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The True Object of All Human Life Is Play.*

April 19, 2010

Play is our brain’s favorite way of learning.
•Diane Ackerman

I laughed my way through several committee meetings on Friday. Back-to-back meetings for several hours. It could have been torturous, but because of the various groups of people I was with, it wasn’t. I could have left campus bogged down and tired, but I didn’t. I felt energized. There is a lesson to be learned here for students.

There are study group sessions that suck the success right out of you, so boring and humorless that you no longer even care if you learn anything from the experience. There are study group sessions that waste your time when they devolve into giggling goofiness without purpose. And then there are the sessions that blend fun and camaraderie with seriousness. It might seem that fun has no place in a gathering devoted to test prep or peer editing or presentation planning or whatever it is the group’s meeting for, but shared fun is a powerful way to create cohesiveness within a group.

The degree to which playfulness becomes part of the process will depend on the group’s task. Memorizing complex formulas is likely to call for more seriousness than planning an engaging presentation.

When I teach a creativity course, I ask my students to reframe their instructions to students, asking them to “play around with” something rather than “work on it.” This simple twist of words can alleviate stress. Certainly the teacher needs to make sure that what students are playing with are the requisite ideas, but permission to play often frees new pathways in the brain.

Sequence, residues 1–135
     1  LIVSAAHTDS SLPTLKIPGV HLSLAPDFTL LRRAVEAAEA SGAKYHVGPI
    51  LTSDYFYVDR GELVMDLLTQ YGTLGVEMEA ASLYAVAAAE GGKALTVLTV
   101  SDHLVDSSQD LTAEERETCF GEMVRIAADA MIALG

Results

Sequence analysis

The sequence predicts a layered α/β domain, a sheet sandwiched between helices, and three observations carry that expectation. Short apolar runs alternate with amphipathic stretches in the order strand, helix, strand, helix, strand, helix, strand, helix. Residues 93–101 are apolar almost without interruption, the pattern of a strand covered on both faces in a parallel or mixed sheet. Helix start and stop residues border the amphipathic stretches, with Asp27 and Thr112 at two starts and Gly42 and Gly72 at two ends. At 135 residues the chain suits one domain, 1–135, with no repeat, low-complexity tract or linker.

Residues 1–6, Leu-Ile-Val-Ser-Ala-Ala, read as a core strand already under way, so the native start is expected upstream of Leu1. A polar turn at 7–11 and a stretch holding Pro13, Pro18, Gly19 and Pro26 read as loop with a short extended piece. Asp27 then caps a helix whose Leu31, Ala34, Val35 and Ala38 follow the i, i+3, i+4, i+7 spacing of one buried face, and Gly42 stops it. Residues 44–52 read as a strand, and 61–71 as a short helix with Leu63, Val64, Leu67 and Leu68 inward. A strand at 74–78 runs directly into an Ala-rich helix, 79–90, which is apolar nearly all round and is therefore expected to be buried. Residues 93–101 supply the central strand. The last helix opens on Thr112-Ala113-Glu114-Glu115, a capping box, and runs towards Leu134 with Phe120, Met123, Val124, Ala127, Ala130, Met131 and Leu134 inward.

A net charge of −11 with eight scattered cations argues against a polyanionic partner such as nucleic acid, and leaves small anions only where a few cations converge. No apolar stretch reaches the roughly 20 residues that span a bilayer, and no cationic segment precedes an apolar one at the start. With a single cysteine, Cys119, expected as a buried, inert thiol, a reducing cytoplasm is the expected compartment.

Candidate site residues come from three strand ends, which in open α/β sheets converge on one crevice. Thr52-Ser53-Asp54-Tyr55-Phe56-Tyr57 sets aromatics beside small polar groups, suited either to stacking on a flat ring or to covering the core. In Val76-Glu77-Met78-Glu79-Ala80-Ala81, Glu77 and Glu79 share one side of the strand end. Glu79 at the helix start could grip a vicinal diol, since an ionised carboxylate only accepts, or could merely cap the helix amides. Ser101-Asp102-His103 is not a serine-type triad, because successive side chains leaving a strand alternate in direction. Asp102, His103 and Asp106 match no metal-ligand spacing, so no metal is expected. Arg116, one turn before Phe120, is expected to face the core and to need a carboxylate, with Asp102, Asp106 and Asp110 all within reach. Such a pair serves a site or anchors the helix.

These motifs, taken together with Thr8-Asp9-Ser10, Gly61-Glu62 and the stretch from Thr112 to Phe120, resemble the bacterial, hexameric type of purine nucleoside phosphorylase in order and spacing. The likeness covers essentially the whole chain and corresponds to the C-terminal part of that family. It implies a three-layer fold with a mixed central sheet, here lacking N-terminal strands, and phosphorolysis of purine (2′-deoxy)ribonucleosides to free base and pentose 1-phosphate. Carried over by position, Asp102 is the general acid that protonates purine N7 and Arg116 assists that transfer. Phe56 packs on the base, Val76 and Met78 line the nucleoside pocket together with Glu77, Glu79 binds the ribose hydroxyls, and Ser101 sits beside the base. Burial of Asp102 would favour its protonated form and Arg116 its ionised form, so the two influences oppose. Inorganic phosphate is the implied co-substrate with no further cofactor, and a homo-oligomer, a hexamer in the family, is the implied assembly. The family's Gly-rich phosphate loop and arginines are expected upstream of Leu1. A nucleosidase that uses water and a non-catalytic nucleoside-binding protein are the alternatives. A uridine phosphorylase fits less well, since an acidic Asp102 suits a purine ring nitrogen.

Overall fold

One of the books on my shelves of favorites is Anne Bruce and James S. Pepitone’s (1999) book, Motivating Employees. I find lots of wisdom applicable to education in things written for business and I especially like Bruce and Pepitone’s list of the “10 Characteristics of Fun” (p. 91):

1)    Humor alleviates stress and tension.
2)    Fun improves communication.
3)    Fun eases conflict
4)    Laughter can help us survive.
5)    Laughing at yourself is the highest form of humor.
6)    Laughter has a natural healing power.
7)    Humor helps lighten the load.
8)    Fun unites people.
9)    Fun breaks up boredom and fatigue.
10)    Fun creates energy.

I’ve experienced the truth of these things in my own personal and professional life, most recently on Friday during a stretch of potentially boring meetings made delightful by the presence of others willing to laugh and take lightly—yet seriously—the tasks we faced.

In my research into fun in learning, I’ve found that the coin of fun has two sides: one is playfulness and the other is deeply serious engagement in whatever it is that needs to be done. This seemingly paradoxical duality has to be experienced before you can fully understand it.

Have you ever had fun while accomplishing a serious or meaningful or difficult task?

Necessity may be the mother of invention, but play is certainly the father.
• Roger von Oech

* Thanks to G.K. Chesterton for the title quotation.

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